From a workshop with Marco de Polo from the Roche New Concept Incubator in Silicon Valley
When it comes to innovation design, there is the wrong way, the conventional way and the new agile design way. We thought about combining the most promising elements of these approaches in order to get the best out of it: Quick, but nonetheless, profound outside-in understanding of unmet consumer needs, iterated with focused ideation sessions and rapid prototyping.
The wrong way of innovation design – which can be ignored – has been proven to fail. It builds on a common myth in innovation to let a thousand flowers bloom and goes like this: Brainstorm as many ideas as possible first, develop a solution in the lab, run some functional tests and then launch. Innovations developed like this have a high risk of failure because the customer is not part of the process.
The conventional way has been widely applied by many companies. It works sequentially whereby the customer requirements are first identified, followed by a specification phase, the development of a prototype and some tests before market launch. While this approach seems sound, because of a careful selection of the right innovation focus at the beginning and quantitative consumer testing of design features, it is slow and often misses the target. There is a risk that design details are neglected because of only a few interactions with the customer.
The new way can be described as Agile Innovation Design. Many start-ups in Silicon Valley follow this approach, originated by software developers. The core idea is to iterate rapidly between design and customer in order to steadily improve the initial quick and dirty prototype. The hope is that with enough iterations all relevant customer requirements are discovered.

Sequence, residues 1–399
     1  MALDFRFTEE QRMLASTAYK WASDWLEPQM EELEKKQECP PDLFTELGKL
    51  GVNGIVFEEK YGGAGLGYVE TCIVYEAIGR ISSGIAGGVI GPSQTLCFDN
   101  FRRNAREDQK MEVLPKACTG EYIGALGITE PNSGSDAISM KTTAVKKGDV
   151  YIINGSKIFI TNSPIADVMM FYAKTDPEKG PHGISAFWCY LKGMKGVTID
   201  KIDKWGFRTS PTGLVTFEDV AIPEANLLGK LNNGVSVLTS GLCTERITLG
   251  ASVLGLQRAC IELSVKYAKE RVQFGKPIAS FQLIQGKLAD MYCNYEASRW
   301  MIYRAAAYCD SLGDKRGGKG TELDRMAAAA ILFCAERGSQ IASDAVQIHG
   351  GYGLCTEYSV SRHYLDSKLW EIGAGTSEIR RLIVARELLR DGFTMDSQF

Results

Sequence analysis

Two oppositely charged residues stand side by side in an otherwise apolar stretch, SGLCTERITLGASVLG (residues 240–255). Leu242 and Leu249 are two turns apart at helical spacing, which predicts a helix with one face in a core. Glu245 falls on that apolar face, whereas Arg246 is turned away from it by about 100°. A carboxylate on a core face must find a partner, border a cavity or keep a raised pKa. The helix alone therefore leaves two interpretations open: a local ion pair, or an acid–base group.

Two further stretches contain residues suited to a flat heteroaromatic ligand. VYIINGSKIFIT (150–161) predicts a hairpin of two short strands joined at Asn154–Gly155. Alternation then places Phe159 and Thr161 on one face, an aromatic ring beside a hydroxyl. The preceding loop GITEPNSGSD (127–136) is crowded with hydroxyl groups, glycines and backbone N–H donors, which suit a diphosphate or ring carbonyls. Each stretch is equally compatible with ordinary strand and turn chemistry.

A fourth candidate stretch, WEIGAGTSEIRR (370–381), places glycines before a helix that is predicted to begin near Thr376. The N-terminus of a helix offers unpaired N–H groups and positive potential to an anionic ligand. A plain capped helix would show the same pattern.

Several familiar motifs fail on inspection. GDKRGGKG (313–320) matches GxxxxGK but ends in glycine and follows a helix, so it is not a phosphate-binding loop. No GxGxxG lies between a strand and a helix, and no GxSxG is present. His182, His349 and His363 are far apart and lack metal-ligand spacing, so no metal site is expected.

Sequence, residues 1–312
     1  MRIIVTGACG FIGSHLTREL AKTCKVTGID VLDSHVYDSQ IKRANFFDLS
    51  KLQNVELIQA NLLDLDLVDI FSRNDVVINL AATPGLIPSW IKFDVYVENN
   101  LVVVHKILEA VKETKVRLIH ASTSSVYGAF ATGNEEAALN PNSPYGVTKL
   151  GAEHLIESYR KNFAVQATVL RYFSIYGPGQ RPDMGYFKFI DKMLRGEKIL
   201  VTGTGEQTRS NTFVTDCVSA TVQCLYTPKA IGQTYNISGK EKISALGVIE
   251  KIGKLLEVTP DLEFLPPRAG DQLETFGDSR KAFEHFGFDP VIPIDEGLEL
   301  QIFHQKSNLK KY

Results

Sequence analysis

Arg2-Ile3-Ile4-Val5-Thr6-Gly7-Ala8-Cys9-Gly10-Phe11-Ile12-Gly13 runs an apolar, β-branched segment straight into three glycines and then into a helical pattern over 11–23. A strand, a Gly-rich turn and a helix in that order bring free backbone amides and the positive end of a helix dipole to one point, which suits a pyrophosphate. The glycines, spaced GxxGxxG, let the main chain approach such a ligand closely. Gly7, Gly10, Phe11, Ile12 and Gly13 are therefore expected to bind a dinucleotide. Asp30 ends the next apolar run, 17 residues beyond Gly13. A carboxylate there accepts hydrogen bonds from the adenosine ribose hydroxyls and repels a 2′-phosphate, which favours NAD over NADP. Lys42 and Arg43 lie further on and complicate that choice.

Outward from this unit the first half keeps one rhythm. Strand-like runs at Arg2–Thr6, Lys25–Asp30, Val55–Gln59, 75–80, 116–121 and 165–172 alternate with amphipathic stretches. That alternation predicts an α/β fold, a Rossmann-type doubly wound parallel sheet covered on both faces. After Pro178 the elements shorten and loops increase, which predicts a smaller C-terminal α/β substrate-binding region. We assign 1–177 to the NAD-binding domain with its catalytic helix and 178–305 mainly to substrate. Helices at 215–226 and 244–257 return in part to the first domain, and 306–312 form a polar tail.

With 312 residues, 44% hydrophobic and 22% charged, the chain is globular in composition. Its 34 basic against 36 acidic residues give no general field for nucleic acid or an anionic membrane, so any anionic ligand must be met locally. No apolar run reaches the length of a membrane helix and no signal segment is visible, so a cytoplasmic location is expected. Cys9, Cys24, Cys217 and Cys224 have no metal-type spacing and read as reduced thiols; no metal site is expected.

While the new Agile Innovation Design approach has many advantages, like for example its closeness to the customers and its speed, there are also some pitfalls. The most important ones are:
- A wrong focus at the front-end of the innovation process due to an initial inside-out perspective
- Political, technical or lead-user biases, ignoring the true unmet customer needs during the customer iteration phase, lengthening the process or leading to suboptimal solutions
- No or limited possibility to iterate realistically, like for example in pharma or banking or when it comes to innovative business model prototyping
Isn’t there a way to merge the two approaches? We thought there is. It builds on the two principles:
- Running an iterative blitz approach at the front-end applying agile design principles to ideation
One week customer-need exploration modules are combined with one-week ideation sessions. The customer modules identify the important unmet jobs-to-be-done in a quantitative way, which then serve as input for the ideation sessions. The concepts from the ideation sessions are immediately validated quantitatively during the following week with the results serving again as input for further ideation sessions.
- Maintaining the job-to-be-done thinking all along the design phase until the launch
Once the innovation focus is defined from a customer point of view, let the designers do many design iterations. However, to avoid biases, put a customer advocate next to them, making sure that the jobs-to-be-done thinking is maintained and the results from the customer insight modules are respected.
This approach will bring agility principles to the front-end of innovation and will ensure that design remains on-track.